Lindsey Konkel: Potential Ideas for Using Stormwater

Environmental Health News:

Ana Deletic

Ana Deletic

In some water-stressed regions, scientists and engineers are working to optimize the use of plants to remove nutrients, such as nitrogen and phosphorus from storm water. High levels of these nutrients in ground and surface water can lead to algal blooms and harm drinking water sources.

Ana Deletic is a water-engineering expert at the University of New South Wales in Australia. She has helped to engineer massive rain gardens in Australia, Israel and China—some up to an acre in size—to help filter these common pollutants out of urban wastewater. “These are simple-looking systems, but they are not. They are living machines that must be tailored for local conditions,” Deletic told EHN.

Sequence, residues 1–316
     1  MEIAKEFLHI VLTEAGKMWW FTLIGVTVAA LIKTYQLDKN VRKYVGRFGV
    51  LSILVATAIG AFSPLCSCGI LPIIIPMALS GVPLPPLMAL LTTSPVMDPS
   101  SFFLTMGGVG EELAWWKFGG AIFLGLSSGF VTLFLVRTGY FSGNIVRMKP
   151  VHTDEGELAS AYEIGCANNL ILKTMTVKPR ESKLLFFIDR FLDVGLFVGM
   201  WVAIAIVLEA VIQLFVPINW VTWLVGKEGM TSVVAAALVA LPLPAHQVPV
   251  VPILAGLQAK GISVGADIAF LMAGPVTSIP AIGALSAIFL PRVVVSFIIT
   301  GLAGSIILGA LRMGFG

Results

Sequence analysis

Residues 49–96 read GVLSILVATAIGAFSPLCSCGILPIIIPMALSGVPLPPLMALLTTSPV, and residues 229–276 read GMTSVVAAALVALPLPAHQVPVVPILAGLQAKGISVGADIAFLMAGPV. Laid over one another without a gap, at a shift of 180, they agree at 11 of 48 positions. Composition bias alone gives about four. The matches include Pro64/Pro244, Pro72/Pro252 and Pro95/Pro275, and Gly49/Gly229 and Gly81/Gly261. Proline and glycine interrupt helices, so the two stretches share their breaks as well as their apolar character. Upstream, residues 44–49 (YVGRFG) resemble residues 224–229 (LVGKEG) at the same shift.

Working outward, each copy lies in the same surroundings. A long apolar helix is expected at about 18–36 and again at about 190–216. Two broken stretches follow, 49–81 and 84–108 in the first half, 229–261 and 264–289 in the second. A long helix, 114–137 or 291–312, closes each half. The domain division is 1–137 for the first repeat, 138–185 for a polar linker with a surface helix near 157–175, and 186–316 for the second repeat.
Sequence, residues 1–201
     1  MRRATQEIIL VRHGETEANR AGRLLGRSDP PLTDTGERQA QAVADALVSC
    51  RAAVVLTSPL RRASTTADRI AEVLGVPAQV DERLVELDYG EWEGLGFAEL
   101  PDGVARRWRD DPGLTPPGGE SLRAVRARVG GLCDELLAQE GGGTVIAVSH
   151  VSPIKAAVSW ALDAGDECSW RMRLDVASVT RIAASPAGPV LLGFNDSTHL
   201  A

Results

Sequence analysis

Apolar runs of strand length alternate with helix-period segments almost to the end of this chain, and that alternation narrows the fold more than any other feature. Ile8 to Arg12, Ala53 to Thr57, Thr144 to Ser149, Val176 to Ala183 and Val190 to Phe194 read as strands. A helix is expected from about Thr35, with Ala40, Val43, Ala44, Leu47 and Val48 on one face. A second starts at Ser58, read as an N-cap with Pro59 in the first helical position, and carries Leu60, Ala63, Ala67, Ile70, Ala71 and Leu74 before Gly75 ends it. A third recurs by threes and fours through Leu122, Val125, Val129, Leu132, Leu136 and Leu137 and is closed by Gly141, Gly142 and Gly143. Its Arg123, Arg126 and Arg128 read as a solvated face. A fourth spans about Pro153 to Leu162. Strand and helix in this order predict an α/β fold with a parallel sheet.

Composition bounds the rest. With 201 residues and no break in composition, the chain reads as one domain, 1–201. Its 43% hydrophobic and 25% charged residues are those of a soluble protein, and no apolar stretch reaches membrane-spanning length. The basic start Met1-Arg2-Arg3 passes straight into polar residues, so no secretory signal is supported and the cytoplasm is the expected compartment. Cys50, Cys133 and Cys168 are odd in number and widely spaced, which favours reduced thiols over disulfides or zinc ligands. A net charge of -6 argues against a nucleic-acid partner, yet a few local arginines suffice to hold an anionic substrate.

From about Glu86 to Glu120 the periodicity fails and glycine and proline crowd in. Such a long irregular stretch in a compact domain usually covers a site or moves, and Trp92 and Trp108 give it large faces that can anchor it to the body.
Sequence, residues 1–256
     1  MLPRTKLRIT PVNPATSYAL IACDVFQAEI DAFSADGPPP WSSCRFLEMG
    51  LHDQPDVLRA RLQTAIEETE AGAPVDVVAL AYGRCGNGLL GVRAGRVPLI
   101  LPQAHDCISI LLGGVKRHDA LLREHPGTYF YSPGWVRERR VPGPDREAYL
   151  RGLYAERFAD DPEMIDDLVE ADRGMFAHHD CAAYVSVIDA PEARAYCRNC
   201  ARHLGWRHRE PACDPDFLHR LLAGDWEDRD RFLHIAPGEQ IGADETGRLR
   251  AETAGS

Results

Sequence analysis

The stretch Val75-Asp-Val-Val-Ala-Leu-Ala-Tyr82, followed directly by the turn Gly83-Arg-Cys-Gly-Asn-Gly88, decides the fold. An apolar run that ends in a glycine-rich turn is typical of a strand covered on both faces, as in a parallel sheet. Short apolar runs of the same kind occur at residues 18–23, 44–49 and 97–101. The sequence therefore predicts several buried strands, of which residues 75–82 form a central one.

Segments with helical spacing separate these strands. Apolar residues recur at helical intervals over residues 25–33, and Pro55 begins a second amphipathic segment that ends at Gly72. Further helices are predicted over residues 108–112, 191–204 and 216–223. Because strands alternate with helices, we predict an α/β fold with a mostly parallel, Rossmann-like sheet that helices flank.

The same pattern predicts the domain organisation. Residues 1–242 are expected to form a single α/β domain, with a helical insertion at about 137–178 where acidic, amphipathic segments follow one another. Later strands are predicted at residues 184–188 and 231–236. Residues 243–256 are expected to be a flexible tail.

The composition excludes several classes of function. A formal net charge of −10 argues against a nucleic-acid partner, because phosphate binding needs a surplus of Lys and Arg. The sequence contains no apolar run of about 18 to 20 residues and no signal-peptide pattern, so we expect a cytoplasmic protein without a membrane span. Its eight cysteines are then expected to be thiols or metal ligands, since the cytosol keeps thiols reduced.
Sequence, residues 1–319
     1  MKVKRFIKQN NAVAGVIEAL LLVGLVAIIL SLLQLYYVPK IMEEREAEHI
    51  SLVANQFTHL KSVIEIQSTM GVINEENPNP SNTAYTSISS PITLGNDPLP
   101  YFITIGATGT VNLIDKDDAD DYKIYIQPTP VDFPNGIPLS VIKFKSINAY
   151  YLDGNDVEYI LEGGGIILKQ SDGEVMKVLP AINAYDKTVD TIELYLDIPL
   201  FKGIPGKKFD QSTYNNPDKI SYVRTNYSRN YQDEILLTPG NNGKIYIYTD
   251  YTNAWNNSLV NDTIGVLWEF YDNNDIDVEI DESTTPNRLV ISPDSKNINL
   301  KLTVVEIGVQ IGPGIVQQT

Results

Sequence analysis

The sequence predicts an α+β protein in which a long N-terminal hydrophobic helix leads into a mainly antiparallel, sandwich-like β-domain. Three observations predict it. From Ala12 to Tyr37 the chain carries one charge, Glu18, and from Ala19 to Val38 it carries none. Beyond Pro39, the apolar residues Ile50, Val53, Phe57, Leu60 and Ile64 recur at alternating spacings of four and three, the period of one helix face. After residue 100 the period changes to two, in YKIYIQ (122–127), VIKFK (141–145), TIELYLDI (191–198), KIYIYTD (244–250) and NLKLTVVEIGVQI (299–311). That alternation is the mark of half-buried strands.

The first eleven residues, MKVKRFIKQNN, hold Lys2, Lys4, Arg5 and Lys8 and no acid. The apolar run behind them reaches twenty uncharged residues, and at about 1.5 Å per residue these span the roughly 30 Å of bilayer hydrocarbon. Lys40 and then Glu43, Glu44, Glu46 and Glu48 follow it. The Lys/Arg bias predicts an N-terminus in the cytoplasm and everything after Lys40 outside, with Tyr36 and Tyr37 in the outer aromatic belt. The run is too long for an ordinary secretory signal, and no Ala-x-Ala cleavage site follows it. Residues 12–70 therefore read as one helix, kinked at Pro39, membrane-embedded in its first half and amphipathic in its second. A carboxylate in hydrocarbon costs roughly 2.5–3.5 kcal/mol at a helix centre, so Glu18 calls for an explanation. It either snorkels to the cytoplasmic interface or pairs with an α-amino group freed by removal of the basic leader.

Many urban environments have a history of contamination with toxic metals including lead and cadmium. Deletic said that zinc from rusting metal roofs has become a public health concern in some cities in Australia and New Zealand. Plants may be able to help remove heavy metals, too. “Plants need small amounts of metals to grow, so over time they will suck up some of these contaminants,” said Deletic.